The 'video polyptych' : an aesthetic approach to the visual representation of climate change
As a filmmaker I struggled with whether documentary, reliant as it is on ‘visible evidence’, could explore climate change, a process that is (so far) largely imperceptible to our senses? A process in which effects are displaced from their causes in both time & space? My PhD looks for a new aesthetic approach via moving image art. I am drawn to Svalbard by the sheer spatiotemporal proximity of the causes and effects. Remnants and continuations of a fossil-fuelled extractivist history sit cheek-by-jowl with retreating glaciers, disappearing sea-ice and melting permafrost. We even find traces of (abortive) geoengineering experiments. It is this proximity — richly laden with paradox — that draws me to reinvent a particular form from art history: the polyptych. In the hands of artists like Hieronymus Bosch these multi-panelled paintings were able to bring together here/there, past/present/future, cause/effect in aesthetic reconceptualisations of hyperobjects which occupied spatiotemporal dimensions beyond everyday human perception. In my video work, Svalbard — practically a showcase of the Anthropocene — becomes the ultimate Boschian landscape, providing the perfect site for my practise-led research thesis.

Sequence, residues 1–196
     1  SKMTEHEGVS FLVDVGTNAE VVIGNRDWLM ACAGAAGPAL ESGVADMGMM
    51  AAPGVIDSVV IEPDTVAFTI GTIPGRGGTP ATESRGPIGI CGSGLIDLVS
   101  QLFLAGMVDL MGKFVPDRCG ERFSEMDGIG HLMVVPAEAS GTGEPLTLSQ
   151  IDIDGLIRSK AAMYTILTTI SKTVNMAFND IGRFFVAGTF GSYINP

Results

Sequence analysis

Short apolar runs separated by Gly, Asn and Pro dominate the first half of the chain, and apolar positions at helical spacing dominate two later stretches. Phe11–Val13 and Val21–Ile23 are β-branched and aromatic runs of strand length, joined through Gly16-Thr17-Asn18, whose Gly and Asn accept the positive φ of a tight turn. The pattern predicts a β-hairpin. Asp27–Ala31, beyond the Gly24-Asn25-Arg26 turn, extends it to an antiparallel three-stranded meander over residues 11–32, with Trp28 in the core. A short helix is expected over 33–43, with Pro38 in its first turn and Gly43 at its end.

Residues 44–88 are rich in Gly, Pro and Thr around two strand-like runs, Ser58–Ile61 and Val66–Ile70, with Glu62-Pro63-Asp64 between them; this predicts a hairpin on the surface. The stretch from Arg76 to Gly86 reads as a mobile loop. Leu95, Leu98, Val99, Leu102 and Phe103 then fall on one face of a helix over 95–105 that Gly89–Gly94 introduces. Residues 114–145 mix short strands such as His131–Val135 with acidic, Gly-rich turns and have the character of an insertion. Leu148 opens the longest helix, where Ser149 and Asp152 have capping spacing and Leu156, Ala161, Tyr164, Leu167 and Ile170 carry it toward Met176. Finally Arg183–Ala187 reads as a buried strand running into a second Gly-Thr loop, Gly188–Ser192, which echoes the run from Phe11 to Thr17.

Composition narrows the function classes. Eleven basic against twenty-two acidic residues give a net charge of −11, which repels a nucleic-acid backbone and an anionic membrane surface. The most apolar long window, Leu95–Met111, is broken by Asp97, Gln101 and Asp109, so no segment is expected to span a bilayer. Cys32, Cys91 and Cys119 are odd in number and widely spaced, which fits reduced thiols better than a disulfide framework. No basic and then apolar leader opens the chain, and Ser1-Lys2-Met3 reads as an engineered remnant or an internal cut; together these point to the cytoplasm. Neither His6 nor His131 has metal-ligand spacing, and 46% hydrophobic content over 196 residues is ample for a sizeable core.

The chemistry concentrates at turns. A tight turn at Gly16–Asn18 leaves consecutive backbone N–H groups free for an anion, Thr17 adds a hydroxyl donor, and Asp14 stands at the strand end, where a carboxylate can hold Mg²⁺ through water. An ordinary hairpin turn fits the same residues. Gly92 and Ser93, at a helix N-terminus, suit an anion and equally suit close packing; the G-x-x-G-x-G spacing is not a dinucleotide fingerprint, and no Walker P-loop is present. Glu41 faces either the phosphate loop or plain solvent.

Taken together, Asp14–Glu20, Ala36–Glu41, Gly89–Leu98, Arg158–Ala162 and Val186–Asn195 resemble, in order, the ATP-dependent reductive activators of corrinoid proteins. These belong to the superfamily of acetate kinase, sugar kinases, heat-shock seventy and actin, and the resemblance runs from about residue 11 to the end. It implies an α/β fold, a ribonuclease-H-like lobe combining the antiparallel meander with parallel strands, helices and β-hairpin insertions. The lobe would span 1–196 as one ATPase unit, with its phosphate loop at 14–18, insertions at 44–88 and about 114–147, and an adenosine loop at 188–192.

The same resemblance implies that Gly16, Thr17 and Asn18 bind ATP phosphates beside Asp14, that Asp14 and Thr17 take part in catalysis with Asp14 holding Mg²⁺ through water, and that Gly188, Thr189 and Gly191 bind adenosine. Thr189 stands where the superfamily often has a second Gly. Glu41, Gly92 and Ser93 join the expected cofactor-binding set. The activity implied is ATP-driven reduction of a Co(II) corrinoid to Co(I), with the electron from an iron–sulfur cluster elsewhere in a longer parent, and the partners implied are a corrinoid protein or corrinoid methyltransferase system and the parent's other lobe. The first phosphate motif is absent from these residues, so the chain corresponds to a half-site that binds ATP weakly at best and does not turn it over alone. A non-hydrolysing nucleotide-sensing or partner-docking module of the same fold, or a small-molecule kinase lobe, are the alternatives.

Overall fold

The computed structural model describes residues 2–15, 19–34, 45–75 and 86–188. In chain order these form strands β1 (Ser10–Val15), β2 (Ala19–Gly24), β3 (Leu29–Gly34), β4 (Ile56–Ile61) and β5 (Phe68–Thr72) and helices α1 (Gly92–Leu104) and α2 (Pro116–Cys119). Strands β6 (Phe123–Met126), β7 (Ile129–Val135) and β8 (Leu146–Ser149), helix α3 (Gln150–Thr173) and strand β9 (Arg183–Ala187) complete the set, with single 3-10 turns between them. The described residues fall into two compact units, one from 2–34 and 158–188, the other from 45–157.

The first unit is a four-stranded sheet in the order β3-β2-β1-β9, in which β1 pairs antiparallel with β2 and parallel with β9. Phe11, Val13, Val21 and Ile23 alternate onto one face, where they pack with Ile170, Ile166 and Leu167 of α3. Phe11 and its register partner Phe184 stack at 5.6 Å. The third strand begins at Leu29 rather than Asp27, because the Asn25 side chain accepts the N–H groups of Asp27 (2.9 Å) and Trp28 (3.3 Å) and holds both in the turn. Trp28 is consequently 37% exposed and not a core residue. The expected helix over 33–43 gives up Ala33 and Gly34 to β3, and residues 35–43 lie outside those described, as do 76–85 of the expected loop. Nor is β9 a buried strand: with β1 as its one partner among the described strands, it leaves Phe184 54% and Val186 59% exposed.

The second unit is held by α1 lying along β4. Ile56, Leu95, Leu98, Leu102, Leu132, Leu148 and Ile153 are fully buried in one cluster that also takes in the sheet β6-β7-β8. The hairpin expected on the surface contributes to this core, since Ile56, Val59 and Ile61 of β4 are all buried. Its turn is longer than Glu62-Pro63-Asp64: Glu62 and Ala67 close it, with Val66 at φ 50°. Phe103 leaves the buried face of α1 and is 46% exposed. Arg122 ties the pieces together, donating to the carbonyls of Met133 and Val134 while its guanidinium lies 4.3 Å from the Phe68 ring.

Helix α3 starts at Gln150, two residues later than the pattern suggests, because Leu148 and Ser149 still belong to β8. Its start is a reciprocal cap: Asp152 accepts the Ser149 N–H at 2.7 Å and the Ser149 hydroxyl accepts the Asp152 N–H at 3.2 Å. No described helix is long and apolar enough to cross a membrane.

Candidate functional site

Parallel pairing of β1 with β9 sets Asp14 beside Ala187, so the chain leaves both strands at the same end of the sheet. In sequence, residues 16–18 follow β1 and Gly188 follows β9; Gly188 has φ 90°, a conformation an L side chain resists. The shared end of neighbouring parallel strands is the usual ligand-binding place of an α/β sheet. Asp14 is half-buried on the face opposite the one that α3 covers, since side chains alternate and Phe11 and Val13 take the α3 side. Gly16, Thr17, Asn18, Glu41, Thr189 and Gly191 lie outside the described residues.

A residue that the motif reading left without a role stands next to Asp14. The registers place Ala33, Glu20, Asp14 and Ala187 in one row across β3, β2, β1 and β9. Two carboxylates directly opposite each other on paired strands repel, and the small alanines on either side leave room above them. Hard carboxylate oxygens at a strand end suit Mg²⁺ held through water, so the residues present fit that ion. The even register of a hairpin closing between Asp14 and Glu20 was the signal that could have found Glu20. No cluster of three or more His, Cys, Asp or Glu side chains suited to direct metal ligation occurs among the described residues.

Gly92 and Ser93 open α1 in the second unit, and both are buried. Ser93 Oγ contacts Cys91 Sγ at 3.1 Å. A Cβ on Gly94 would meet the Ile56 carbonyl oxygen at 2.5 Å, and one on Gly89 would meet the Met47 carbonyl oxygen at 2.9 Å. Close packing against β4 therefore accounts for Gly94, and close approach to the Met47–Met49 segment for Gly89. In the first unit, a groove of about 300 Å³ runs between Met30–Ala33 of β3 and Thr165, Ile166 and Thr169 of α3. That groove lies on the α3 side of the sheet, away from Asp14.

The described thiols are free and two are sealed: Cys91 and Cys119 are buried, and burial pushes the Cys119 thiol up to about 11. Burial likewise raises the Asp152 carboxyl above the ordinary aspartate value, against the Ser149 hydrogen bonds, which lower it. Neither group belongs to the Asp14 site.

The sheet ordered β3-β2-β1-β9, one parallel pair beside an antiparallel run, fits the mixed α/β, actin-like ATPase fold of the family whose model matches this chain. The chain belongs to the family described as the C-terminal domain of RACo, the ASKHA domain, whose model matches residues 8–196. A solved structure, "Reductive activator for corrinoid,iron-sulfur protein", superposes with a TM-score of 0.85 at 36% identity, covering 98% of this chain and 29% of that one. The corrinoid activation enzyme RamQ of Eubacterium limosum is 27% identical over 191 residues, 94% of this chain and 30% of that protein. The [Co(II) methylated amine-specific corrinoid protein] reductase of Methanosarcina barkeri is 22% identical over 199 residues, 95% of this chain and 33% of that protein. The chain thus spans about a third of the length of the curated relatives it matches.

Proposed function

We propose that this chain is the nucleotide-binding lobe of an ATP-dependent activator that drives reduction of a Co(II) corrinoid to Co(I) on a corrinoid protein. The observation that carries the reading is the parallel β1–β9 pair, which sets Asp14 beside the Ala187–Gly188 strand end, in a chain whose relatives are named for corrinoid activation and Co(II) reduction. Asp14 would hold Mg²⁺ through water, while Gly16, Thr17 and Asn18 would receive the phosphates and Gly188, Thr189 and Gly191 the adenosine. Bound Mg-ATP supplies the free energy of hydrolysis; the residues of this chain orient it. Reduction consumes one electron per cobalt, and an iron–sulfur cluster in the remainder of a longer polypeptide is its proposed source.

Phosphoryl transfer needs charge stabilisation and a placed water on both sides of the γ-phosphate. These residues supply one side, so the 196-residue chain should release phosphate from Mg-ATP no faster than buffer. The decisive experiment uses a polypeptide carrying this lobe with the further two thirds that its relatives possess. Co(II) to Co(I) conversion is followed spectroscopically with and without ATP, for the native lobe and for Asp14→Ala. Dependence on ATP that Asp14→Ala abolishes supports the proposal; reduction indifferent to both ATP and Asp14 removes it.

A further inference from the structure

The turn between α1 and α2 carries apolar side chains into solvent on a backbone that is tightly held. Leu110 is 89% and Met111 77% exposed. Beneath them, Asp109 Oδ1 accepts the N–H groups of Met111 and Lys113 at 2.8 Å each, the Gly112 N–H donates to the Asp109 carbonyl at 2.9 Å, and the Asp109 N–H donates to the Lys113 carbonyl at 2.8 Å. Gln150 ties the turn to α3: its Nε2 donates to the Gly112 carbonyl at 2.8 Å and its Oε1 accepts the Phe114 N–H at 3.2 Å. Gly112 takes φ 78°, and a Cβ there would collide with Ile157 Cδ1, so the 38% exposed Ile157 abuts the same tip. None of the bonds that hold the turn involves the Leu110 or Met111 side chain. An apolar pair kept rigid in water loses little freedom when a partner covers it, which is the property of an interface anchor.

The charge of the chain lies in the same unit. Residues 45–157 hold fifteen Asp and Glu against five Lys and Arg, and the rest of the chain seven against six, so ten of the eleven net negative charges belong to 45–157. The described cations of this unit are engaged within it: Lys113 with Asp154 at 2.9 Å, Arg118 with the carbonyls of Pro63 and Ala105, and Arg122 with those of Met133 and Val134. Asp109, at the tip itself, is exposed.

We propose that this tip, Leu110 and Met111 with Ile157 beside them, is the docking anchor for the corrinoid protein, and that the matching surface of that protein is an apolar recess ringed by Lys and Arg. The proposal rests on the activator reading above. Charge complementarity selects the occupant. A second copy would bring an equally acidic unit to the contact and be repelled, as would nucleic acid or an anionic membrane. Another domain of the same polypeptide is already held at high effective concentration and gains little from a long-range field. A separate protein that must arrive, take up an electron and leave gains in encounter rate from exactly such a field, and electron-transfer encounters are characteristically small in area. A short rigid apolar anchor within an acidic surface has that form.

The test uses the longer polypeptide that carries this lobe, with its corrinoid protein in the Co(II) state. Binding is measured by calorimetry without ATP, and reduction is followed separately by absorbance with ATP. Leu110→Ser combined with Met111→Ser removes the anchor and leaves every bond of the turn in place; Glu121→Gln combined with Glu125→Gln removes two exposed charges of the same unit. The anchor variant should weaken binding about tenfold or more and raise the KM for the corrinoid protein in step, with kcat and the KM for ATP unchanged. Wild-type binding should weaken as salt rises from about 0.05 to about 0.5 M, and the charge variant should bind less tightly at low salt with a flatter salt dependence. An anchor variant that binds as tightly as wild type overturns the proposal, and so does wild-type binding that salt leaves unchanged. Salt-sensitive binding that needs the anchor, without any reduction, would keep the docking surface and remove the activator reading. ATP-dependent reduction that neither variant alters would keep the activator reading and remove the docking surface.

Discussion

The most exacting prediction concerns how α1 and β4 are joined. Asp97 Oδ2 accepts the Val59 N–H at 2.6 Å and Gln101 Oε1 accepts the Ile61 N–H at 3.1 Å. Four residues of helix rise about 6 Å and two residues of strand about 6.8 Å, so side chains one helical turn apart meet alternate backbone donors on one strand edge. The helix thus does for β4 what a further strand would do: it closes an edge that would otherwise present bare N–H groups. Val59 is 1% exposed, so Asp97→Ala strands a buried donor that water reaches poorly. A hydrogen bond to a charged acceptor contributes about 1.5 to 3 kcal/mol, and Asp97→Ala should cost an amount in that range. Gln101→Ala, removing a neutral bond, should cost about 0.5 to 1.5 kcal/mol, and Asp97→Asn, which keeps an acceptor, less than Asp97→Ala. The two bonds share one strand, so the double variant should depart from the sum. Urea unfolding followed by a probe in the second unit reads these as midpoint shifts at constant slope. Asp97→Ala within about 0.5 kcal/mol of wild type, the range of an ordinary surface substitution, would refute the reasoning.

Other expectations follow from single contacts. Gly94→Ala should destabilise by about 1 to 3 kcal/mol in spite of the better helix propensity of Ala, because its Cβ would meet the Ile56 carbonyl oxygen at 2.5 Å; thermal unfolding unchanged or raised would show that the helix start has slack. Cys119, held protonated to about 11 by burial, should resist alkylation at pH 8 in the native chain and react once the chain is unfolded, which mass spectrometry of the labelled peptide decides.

Planned fieldwork periods:
January-March 2020 (exhibition at Galleri Svalbard)
January-March 2020 (exhibition at Galleri Svalbard: )